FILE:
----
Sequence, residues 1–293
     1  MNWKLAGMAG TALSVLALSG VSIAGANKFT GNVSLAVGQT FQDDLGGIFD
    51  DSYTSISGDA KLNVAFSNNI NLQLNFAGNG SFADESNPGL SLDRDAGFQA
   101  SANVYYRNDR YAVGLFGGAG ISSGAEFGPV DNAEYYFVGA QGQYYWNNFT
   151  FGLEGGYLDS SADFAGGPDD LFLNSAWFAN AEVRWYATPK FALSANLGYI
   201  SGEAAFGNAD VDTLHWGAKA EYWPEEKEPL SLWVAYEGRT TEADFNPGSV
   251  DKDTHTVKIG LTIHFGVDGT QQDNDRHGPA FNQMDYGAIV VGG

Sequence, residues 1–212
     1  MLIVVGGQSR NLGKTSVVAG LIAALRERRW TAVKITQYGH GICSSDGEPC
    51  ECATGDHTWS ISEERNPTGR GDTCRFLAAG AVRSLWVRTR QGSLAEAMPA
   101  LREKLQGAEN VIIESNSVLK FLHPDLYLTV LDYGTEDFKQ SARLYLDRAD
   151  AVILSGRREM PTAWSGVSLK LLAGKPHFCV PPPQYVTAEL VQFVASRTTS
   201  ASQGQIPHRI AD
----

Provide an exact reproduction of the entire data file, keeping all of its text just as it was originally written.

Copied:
Sequence, residues 1–293
     1  MNWKLAGMAG TALSVLALSG VSIAGANKFT GNVSLAVGQT FQDDLGGIFD
    51  DSYTSISGDA KLNVAFSNNI NLQLNFAGNG SFADESNPGL SLDRDAGFQA
   101  SANVYYRNDR YAVGLFGGAG ISSGAEFGPV DNAEYYFVGA QGQYYWNNFT
   151  FGLEGGYLDS SADFAGGPDD LFLNSAWFAN AEVRWYATPK FALSANLGYI
   201  SGEAAFGNAD VDTLHWGAKA EYWPEEKEPL SLWVAYEGRT TEADFNPGSV
   251  DKDTHTVKIG LTIHFGVDGT QQDNDRHGPA FNQMDYGAIV VGG

Sequence, residues 1–212
     1  MLIVVGGQSR NLGKTSVVAG LIAALRERRW TAVKITQYGH GICSSDGEPC
    51  ECATGDHTWS ISEERNPTGR GDTCRFLAAG AVRSLWVRTR QGSLAEAMPA
   101  LREKLQGAEN VIIESNSVLK FLHPDLYLTV LDYGTEDFKQ SARLYLDRAD
   151  AVILSGRREM PTAWSGVSLK LLAGKPHFCV PPPQYVTAEL VQFVASRTTS
   201  ASQGQIPHRI AD